By Victor Alvarez Rodriguez
Translated by Owen Richards
Socialist industrialisation is a planned process of rapid growth and development of productive capacities and dedicated technologies towards transforming raw materials into basic inputs, intermediate goods and products of final consumption, with the aim of satisfying the growing demands and needs of the national productive apparatus and of the population.
It is the engine driving the transformation of the rentier economy—in which almost everything is imported and little is produced—toward an independent and sovereign new economy. It's the only possible strategy to change the primary export model that the major industrialised powers imposed on us, condemning us to be exporters of oil and raw materials, into a new model of production able to efficiently replace imports, diversify exports and, in this way, to save and generate new sources of foreign exchange that makes us less dependent on oil revenues.
Socialist industrialization is a fundamental component of an economic policy designed to advance towards the achievement of the goals of food and productive security and sovereignty. It's the best way of creating genuinely useful jobs, whose remuneration has as its counterpart the production of an abundant supply of goods and services destined to meet the basic and essential needs of the working people, without upsetting the balance that should prevail between supply and demand and which helps stabilise prices. Furthermore, to meet domestic demand with domestic production will avoid exchange rate settings—which push up the import components and rebound on cost structure—exceeding inflationary pressures. This therefore requires the intelligent management of macroeconomic and microeconomic policy; i.e., setting the exchange rate to express the true productivity of the non-oil economy; a tax and tariff policy that discourages imports and encourages domestic production; and monetary and financial incentives for productive investment.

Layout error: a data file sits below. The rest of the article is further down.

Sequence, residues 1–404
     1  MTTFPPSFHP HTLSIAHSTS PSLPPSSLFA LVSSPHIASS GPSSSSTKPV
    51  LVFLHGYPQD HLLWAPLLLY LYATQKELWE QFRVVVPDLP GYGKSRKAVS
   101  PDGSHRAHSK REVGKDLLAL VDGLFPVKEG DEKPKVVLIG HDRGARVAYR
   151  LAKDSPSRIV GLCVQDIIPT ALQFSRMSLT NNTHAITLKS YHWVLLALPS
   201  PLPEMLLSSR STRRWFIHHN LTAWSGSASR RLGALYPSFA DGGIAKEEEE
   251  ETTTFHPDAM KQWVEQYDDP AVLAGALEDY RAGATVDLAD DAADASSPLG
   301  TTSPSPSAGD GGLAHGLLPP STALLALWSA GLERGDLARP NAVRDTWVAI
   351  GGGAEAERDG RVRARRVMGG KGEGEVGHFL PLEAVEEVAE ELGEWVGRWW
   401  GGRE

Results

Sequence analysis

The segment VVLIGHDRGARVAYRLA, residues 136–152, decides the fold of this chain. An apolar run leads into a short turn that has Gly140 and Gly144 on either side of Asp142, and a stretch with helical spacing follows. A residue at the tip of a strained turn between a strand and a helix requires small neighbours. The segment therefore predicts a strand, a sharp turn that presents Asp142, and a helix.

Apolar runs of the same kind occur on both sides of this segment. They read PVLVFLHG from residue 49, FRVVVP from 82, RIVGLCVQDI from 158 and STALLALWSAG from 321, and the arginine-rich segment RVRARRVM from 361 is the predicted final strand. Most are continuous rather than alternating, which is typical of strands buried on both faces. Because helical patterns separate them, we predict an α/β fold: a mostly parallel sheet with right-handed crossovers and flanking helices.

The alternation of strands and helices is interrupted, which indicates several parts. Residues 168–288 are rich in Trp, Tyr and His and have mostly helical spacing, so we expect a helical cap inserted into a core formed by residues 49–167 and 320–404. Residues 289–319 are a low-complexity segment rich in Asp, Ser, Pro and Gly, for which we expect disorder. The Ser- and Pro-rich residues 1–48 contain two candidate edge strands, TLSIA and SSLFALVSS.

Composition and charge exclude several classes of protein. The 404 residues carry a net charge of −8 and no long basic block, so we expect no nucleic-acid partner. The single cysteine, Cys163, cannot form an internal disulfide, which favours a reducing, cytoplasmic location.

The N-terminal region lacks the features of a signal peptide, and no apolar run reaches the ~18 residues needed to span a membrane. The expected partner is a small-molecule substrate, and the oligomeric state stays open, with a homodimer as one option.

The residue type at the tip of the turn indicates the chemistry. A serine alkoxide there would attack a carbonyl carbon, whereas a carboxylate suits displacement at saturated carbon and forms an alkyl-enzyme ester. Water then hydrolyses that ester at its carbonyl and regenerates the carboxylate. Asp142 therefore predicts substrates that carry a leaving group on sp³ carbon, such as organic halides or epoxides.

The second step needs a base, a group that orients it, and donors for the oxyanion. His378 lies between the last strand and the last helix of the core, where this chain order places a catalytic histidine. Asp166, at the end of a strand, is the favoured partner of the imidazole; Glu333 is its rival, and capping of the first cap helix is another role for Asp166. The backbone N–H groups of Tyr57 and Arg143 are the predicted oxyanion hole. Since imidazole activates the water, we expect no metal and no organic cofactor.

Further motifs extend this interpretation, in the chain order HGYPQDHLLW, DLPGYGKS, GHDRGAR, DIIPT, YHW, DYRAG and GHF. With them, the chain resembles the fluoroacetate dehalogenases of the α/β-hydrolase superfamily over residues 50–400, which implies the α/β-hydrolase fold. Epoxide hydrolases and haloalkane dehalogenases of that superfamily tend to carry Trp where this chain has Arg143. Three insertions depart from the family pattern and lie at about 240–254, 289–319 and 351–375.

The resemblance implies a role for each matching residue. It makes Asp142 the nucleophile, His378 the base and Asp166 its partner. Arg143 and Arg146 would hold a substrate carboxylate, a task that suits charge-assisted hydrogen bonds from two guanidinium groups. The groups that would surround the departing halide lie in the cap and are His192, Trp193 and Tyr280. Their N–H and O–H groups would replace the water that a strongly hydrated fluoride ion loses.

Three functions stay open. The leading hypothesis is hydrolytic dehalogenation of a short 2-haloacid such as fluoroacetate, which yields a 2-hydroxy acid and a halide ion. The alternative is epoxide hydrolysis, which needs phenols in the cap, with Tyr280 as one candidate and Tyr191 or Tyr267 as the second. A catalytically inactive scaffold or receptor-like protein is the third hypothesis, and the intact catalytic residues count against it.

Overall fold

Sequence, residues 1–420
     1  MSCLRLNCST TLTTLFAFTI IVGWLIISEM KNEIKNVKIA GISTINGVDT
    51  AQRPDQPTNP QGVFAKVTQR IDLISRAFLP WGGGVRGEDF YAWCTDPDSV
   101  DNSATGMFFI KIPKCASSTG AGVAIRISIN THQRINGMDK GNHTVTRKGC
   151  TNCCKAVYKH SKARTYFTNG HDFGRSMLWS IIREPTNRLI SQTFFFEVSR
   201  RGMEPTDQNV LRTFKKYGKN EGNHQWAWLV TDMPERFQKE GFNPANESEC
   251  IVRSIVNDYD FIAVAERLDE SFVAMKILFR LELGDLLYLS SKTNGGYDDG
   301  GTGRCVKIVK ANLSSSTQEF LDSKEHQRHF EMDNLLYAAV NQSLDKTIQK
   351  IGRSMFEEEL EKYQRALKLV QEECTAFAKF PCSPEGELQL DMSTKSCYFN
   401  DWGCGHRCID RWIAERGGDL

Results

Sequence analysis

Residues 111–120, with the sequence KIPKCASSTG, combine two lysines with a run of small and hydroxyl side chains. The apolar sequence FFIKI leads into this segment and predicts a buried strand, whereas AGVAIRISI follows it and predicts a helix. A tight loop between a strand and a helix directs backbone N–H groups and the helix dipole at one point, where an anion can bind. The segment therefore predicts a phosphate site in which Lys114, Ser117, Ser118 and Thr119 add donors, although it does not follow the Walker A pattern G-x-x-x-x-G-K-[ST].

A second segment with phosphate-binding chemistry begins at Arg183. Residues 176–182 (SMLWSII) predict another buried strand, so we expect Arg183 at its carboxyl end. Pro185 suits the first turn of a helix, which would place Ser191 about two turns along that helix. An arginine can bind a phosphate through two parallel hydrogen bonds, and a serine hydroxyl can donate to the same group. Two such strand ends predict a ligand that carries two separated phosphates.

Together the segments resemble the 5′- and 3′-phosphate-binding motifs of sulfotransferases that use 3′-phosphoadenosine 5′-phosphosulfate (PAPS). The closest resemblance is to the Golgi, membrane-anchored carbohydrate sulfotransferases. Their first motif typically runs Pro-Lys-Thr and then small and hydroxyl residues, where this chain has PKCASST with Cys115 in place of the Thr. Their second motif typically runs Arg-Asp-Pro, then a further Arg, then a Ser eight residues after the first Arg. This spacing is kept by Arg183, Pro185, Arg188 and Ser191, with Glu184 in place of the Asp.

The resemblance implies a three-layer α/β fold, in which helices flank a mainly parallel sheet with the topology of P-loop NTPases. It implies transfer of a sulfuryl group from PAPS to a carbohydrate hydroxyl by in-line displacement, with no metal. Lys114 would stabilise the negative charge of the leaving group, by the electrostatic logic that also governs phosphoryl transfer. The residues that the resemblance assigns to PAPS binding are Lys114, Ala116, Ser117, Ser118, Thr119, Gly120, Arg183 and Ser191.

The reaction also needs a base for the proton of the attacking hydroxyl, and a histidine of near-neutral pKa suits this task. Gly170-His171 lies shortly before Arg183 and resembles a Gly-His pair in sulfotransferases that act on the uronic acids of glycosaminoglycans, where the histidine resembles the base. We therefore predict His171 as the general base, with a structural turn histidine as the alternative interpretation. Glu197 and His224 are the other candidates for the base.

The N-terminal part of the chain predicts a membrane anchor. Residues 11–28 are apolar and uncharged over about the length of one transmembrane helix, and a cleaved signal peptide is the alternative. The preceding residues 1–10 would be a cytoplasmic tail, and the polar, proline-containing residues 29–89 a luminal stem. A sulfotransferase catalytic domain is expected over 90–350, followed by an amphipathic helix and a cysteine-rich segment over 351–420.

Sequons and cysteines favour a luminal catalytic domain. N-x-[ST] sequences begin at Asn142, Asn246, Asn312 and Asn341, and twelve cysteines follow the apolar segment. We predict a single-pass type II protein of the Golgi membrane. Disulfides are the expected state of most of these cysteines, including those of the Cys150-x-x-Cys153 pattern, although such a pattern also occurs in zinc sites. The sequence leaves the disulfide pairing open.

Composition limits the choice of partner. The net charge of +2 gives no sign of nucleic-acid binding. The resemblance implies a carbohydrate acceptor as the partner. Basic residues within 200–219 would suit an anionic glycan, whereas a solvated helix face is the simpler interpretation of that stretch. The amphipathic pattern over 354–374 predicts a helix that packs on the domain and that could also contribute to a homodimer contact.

And, most importantly, socialist industrialisation is based on new forms of social property that liberate the worker from the exploitation of capital.